According to geologists, it isn’t the fracking itself that is linked to earthquakes, but the re-injection of waste salt water (as much as 3 million gallons per well) deep into rock beds. Braxton County West Virginia (160 miles from Mineral) has experienced a rash of freak earthquakes (eight in 2010) since fracking operations started there several years ago. According to geologists fracking also caused an outbreak of thousands of minor earthquakes in Arkansas (as many as two dozen in a single day). It’s also linked to freak earthquakes in Texas, western New York, Oklahoma and Blackpool, England (which had never recorded an earthquake before). Industry scientists deny the link to earthquakes, arguing that energy companies have been fracking for nearly sixty years. However it’s only a dozen years ago that “slick-water fracks” were introduced. This form of fracking uses huge amounts of water mixed with sand and dozens of toxic chemicals like benzene, all of which is injected under extreme pressure to shatter the underground rock reservoir and release gas trapped in the rock pores. Not only does the practice utilize millions of gallons of freshwater per frack (taken from lakes, rivers, or municipal water supplies), the toxic chemicals mixed in the water to make it “slick” endanger groundwater aquifers and threaten to pollute nearby water-wells. Horizontal drilling and multi-stage fracking (which extend fractures across several kilometres) were introduced in 2004.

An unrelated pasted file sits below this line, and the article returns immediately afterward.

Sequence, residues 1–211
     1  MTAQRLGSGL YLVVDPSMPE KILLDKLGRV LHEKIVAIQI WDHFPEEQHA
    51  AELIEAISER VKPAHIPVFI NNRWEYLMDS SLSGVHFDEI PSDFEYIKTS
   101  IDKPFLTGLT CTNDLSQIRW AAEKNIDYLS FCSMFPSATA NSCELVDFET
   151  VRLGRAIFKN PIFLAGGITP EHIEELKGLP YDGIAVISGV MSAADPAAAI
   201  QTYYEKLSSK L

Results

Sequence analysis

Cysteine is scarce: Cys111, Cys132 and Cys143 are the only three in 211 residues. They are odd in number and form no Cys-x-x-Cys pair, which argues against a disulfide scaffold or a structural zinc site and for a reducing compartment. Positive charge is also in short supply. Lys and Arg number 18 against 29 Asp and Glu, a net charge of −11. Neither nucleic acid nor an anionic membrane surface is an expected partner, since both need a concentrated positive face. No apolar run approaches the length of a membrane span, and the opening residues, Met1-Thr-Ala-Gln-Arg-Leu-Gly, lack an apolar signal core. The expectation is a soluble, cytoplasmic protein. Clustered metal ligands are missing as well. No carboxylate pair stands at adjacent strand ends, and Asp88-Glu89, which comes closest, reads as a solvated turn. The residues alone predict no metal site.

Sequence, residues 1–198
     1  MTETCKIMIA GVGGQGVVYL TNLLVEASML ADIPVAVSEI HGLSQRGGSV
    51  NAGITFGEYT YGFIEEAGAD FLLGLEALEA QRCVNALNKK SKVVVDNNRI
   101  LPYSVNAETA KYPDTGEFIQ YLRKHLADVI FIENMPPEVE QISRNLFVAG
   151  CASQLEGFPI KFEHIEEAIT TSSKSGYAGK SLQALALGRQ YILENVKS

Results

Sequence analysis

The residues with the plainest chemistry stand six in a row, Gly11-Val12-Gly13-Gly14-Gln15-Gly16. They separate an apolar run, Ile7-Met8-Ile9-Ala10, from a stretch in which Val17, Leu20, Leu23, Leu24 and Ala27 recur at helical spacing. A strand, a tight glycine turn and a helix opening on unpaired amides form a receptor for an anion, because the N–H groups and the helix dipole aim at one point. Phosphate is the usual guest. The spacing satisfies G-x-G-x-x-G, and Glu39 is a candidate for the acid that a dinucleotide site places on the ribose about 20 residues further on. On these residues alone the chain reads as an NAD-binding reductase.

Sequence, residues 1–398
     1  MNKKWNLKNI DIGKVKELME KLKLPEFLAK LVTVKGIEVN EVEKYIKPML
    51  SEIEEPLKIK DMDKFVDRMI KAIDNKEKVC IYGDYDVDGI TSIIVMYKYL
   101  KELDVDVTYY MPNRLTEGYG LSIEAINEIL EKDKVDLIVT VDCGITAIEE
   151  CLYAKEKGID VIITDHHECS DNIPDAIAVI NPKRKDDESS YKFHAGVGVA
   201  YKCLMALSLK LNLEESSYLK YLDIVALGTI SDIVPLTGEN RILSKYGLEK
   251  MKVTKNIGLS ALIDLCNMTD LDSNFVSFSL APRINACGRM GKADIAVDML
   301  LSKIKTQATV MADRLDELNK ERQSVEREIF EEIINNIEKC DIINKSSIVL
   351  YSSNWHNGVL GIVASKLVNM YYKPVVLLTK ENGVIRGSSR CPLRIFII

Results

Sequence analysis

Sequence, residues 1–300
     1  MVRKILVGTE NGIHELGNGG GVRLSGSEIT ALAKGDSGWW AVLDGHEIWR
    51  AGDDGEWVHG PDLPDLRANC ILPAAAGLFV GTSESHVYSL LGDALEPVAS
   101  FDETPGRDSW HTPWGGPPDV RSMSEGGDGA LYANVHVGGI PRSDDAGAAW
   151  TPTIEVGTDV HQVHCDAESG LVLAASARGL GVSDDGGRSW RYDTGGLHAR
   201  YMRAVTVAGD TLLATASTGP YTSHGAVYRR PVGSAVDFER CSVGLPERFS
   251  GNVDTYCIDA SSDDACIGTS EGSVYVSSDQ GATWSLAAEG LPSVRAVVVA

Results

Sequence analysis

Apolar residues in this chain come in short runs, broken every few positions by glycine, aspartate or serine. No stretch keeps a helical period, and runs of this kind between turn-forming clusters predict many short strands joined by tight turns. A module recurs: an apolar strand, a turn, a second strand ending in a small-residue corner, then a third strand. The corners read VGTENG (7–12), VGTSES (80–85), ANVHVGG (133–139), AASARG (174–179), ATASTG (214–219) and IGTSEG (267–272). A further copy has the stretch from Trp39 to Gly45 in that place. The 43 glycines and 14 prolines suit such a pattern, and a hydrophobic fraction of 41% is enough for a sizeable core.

At least Arkansas has banned the practice, but when will the rest of the United States/world wake up and take notice?
Here are a few articles about yesterday’s earthquake and the ties between fracking and earthquakes/water destruction:
If you’ve been affected by fracking in your area (either with an earthquake or water quality), there is an attorney who would love to represent you.
This video was posted almost a year ago from an “insider”. Talks directly about earthquakes and groundwater pollution from underwater bombs related to fracking.
Listen at seconds 1:05-1:10 where they glance over the “small amount of chemicals that aid in the fracking process”:
They also say that they are disposed of “according to state and federal regulations”. Effectively fracking hasn’t been investigated since 2004, in which water quality wasn’t even tested, but was deemed safe. The EPA is now “starting” another test. 7 YEARS later.
Watch this one below:
“As an extra precaution, a protective mat covers 2/3 of the drill site.”
Oh, I feel much better knowing that I’m 2/3 protected. And what is it that I need to be protected from? Oh, that’s right… the “small amount of chemicals”. Only you won’t tell me what those chemicals are or in what quantities they are being used.